Sports

Steelers’ Mike Tomlin — Privilege doesn’t shield us from outrage, sadness

PITTSBURGH — As a chain of players, coaches and staff linked arms and stretched the length of Heinz Field behind him, Pittsburgh Steelers coach Mike Tomlin took the microphone on Friday night.

For nearly three minutes, Tomlin spoke about social unrest and acknowledged the platform and privilege he and his team have as members of the NFL.

“We are committed to taking action and being a part of the solution to face social injustice and prejudice that we all face, not only in our country, but worldwide,” Tomlin said. “It is our desire to be active participants in the formation of a more perfect union.

“That being said, we realize recent events are a continued reminder of how far we are from that. We stand before you acknowledging that we are blessed and privileged. But that privilege does not shield us from sadness. This privilege does not shield us from shock or outrage. It does not shield us from fear, fear for our safety, or a loved one or an uncertain future. Beyond being football men, first and foremost we are husbands, fathers, brothers, sons, uncles, members of a community. We wanted to pause and share with those that are hurting tonight that we see you, that we hear you, but most importantly we stand with you.”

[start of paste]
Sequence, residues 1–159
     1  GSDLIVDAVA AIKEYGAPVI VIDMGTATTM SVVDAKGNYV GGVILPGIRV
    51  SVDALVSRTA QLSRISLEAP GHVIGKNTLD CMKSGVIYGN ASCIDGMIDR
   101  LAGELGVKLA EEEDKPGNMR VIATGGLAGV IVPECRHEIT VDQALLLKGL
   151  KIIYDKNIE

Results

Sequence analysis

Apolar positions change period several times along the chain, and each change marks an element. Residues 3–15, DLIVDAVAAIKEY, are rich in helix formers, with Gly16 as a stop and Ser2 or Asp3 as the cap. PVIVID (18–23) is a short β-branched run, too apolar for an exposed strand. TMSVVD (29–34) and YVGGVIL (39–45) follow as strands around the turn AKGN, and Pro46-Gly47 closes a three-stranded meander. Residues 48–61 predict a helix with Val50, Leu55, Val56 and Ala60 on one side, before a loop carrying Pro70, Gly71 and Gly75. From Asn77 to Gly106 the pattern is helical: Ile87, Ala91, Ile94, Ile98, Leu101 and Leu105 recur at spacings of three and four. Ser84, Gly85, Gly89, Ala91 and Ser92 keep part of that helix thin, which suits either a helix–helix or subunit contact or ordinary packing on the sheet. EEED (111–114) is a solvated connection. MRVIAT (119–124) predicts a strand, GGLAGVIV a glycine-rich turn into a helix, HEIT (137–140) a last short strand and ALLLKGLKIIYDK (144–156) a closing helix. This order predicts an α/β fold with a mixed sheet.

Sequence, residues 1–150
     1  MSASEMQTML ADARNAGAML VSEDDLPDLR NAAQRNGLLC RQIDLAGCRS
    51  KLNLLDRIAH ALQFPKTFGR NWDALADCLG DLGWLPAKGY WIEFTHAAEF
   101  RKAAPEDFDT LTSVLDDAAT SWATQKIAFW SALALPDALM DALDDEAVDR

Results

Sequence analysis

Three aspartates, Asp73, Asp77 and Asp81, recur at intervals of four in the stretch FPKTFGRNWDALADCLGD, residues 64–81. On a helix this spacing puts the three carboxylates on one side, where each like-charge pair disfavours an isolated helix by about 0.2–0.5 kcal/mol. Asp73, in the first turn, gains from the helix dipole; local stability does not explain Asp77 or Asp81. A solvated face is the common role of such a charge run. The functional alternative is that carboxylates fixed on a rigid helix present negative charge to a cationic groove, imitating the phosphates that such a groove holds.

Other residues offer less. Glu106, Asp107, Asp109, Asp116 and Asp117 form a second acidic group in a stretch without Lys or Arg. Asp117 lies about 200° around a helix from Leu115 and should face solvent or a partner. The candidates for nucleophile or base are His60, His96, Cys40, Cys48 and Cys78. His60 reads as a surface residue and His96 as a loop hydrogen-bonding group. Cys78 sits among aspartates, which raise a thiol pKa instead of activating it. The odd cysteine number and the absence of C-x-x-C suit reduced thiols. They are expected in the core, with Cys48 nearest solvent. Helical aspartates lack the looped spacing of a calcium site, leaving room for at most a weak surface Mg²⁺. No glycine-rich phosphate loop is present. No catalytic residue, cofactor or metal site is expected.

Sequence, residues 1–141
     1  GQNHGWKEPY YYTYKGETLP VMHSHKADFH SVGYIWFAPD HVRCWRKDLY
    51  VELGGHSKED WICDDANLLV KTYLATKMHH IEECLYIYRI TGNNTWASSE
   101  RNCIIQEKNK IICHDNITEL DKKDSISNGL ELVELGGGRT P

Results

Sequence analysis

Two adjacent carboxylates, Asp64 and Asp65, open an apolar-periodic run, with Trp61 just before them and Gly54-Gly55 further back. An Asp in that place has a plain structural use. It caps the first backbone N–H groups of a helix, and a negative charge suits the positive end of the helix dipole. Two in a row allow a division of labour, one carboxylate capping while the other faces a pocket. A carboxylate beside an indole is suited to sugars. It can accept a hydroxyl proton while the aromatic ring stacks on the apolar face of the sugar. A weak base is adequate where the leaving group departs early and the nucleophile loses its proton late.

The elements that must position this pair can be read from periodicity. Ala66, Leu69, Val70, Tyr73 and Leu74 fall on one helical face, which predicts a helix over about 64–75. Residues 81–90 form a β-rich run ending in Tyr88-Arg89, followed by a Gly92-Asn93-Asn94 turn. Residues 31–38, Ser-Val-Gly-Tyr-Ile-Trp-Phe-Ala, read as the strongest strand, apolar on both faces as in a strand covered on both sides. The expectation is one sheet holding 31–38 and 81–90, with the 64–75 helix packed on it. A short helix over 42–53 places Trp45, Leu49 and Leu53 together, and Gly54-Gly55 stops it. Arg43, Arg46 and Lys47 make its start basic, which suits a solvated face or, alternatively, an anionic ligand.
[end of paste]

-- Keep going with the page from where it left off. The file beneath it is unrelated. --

After he finished speaking, Tomlin joined his team in the middle of the field as it knelt in a circle and prayed.

“This evening as we go about our normal football business, we come before you standing united as an organization, as a football team, as football men,” Tomlin said. “From different ethnicities, socioeconomic backgrounds and even countries of origin. We stand united by our talent and our love for the game of football. That love and those talents have taught us great tolerance and understanding. We realize that those blessings put us in the minority.”

Tomlin said the decision to speak before Friday night’s hourlong practice was made earlier in the day, in an informal meeting with the social justice committee. The stage — a livestream carried on the team website and to a small group of media — was small, but conveying the message was important to Tomlin and his team.

“Tonight, more than anything, we wanted to take the small platform that we have, as small as it is, just as a scrimmage, but to state that we stand united with those who are suffering and we see them and hear them and regardless of our privilege, we’re sensitive to the hurt and the pain and the struggle that’s going on around us,” Tomlin said on a video call later. “We thought it was very necessary that we make the statement that we made. I was chosen to represent the thoughts and feelings of the men and I did so humbly.”

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